Sexual disruption: females are more vulnerable to phthalate exposure than males

Phthalates are organic pollutants widely present in the environment due to their extensive use, particularly in the plastic industry. Sakina Mhaouty-Kodja's team has shown that chronic exposure of adult female mice to low doses of phthalates - close to the environmental exposure - alters the natural olfactory preference of females towards males, reduces the attractiveness of females and inhibits lordosis behaviour (the posture adopted by females during mating). These changes are associated with a reduced number of neurons expressing the progesterone receptor in the key brain regions underlying the expression of female sexual behaviour. The results show that females are more vulnerable than males to environmental exposure to phthalates, suggesting a major impact on reproduction in rodents and potentially other species with similar neuroendocrine regulatory systems.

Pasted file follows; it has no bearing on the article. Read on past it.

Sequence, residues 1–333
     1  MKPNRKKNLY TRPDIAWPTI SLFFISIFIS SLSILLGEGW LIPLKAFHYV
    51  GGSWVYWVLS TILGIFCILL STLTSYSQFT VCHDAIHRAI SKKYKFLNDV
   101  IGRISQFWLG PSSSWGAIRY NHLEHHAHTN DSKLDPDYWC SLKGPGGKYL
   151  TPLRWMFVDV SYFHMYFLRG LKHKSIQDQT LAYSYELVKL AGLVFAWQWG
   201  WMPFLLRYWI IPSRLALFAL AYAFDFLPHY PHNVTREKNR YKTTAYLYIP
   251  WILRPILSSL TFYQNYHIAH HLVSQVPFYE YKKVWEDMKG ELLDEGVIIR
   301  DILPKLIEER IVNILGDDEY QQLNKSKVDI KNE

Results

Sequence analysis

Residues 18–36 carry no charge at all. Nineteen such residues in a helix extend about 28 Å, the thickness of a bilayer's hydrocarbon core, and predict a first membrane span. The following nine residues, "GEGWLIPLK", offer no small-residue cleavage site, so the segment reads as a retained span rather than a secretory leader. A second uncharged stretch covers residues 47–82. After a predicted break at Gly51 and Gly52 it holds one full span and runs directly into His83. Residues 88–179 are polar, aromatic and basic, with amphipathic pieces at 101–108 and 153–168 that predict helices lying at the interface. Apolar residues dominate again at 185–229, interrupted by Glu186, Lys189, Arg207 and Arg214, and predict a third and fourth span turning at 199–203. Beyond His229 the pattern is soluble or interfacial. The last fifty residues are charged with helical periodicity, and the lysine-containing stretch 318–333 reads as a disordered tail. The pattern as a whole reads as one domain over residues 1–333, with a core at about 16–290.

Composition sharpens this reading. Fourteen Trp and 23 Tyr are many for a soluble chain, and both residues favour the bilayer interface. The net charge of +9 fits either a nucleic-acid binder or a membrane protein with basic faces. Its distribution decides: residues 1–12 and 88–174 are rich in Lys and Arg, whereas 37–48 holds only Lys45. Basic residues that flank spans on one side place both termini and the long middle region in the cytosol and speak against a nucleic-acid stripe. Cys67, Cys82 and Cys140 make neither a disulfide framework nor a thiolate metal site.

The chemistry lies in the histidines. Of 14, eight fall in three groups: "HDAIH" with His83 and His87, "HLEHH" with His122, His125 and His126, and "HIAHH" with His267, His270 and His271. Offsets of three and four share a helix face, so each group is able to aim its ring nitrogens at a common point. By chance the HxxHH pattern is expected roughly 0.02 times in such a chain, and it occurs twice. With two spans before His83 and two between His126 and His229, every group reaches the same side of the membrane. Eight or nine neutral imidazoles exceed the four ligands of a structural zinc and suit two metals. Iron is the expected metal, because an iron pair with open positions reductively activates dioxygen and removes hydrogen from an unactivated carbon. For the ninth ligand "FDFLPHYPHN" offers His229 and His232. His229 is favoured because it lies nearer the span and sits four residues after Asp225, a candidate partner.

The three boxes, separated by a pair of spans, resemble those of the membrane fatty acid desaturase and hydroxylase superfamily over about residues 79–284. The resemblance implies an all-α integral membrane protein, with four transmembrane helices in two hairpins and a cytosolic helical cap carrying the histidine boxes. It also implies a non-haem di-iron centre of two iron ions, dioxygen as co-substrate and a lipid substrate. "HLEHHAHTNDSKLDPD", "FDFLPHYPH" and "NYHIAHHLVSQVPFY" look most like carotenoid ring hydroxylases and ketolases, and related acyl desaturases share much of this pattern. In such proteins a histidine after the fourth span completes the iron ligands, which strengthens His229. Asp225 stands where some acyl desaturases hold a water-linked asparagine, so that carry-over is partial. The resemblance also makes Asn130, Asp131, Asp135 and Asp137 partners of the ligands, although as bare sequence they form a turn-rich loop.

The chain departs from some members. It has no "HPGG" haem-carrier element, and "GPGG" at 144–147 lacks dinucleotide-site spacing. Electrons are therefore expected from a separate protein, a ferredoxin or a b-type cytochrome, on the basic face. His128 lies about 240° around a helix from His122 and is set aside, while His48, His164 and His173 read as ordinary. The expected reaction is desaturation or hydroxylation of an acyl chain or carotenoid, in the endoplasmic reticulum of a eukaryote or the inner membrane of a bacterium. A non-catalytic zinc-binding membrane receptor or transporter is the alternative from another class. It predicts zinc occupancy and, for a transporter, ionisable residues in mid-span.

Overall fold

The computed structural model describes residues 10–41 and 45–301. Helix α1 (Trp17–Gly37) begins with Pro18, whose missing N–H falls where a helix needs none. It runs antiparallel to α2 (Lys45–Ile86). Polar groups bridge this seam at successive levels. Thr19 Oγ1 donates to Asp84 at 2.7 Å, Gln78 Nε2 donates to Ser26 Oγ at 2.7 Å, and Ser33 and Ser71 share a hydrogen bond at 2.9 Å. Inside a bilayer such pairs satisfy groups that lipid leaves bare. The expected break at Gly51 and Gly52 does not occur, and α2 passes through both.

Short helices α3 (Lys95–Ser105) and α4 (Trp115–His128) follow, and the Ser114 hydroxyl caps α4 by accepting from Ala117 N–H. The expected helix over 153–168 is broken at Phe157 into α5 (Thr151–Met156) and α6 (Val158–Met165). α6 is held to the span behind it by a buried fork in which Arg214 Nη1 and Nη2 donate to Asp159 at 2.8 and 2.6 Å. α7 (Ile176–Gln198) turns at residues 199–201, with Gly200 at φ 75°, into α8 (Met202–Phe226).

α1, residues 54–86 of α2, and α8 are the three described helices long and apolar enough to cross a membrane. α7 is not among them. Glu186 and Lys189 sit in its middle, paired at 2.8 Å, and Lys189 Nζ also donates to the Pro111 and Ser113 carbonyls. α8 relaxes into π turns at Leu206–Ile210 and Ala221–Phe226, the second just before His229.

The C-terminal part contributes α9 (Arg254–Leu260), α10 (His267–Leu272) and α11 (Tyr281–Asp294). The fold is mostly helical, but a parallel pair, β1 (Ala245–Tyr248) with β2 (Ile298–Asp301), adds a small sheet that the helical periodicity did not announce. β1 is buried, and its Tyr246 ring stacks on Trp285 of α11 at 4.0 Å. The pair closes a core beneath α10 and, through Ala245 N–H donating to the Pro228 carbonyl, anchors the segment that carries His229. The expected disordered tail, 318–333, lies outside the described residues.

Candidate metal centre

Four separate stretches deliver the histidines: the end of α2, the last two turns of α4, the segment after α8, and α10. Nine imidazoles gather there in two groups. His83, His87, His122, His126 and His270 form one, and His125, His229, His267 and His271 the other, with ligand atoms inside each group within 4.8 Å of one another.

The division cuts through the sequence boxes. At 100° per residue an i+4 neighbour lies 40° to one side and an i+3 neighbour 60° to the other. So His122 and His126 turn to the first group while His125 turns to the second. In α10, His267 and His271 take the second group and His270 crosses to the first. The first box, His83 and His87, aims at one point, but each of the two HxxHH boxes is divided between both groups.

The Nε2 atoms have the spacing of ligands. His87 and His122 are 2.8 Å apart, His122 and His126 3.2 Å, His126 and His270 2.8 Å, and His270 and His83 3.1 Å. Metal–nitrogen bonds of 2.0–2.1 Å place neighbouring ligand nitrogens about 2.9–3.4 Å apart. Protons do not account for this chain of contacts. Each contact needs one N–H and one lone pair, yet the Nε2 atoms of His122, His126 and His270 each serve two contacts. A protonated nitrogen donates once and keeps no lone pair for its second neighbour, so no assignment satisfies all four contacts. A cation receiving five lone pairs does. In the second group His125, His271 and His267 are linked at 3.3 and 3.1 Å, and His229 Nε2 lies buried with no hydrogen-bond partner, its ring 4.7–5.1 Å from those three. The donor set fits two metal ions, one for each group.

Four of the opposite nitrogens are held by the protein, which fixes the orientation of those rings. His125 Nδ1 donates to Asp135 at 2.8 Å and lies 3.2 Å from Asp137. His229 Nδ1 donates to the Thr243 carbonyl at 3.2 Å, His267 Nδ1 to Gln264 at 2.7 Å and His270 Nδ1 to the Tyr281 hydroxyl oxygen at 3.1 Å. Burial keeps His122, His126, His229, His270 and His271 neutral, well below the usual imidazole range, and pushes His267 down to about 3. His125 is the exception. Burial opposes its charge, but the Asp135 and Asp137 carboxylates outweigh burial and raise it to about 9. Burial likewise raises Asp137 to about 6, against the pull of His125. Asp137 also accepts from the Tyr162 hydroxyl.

These results, published in the journal Environmental Health Perspectives, were the subject of a news item on the INSB and CNRS Délégation Paris-Centre websites.

© Sakina Mhaouty-Kodja

Figure: Chronic oral exposure of female mice to phthalates through contaminated food reduces the expression of the progesterone receptor (PR) in the brain, as well as olfactory preference, attractiveness and lordosis posture necessary for mating.


1Equipe Neuroplasticité des Comportements de Reproduction

2Exposure of adult female mice to low doses of di(2-ethylhexyl) phthalate alone or in an environmental phthalate mixture: Evaluation of reproductive behavior and underlying neural mechanisms.Adam N, Brusamonti L, Mhaouty-Kodja S
Environ Health Perspect, 27 Janvier 2021.